• In 1865, John B. Stetson founded his now-famous hat company, catering especially to cowboys out west. He designed his high-end felt hats with a dome-shaped crown and a large brim. The hat, known as the Boss of the Plains, served not only as a head covering, but as a drinking bowl for both the cowboy and his horse. By 1886, Stetson was the largest hat brand in the world. And by 1906, the company was producing 2 million hats a year. A Stetson was by no means an inexpensive hat – a new one sold for ten dollars back in the days of the cattle drives.
• As ranchers grazed their cattle on the public lands of the open plains, it was necessary to have a practice that identified which animals belonged to which rancher. In Mexico, ranchers marked their herds with the family’s coat of arms. The Americans devised simpler symbols to be branded into the cattle’s hides, typically when a calf was about 60 days old. When it came time for the roundup and driving the cows to market, the cowboys had the daunting task of separating the cattle by the multiple ranches using the open range. Branding wasn’t anything new – the ancient Egyptians had been branding since around 3000 B.C.
• Open range grazing was pretty much history by the 1890s, when land became privatized. Ranchers employed the use of barbed wire and the big cattle drives dissipated. The Texas trail drives lasted just over 20 years, with 10 million Texas longhorns driven north between the end of the Civil War and 1890. Cowboys were hired on by private ranch owners and most gave up the open trail.
• It didn’t matter what the person’s name was, the camp cook was typically referred to as “Cookie,” and considered the most important person in the camp after the trail boss. Some cowboys called the cooks “biscuit shooters,” “belly cheaters,” and “bean masters.” Cookie worked longer hours than the cowboys, as he was in charge of setting up and breaking down camp. Breakfast had to be ready when the cowboys arose, and Cookie cleaned up the mess after dinner at night. He was also responsible for locating the North Star each night and turning the tongue of the chuckwagon toward it to alert the cowboys which way to head out the following morning. For his extra efforts, the cook was one of the best paid crew members.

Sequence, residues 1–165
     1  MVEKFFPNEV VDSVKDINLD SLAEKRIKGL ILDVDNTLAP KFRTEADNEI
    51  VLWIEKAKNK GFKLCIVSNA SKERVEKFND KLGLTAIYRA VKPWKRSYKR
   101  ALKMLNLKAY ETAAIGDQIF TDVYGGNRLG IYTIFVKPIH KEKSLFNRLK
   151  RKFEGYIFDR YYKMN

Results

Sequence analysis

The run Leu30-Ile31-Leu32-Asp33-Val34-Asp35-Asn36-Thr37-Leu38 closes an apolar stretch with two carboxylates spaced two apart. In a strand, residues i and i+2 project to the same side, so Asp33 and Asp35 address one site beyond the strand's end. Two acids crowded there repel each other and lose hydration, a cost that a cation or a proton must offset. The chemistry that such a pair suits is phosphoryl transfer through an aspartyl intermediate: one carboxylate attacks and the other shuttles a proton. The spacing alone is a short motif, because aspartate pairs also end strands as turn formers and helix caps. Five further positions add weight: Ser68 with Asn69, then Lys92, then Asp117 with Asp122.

• Occasionally, cowboys would have free time following a drive, and would hold competitions against each other, testing their skills of roping and riding against each other. As the number of drives decreased with fencing on the open range and expansion of the railroads, many cowboys were left without employment. This led to competitions between neighboring ranches becoming more and more popular, leading to the modern-day rodeo. Prescott, Arizona, was the site of the first formalized professional rodeo on Independence Day, 1888, although Buffalo Bill Cody had awarded prize money to competitors at his 1882 Wild West Show. Cheyenne, Wyoming’s Frontier Days were established in 1897, followed by the Calgary Stampede in 1912.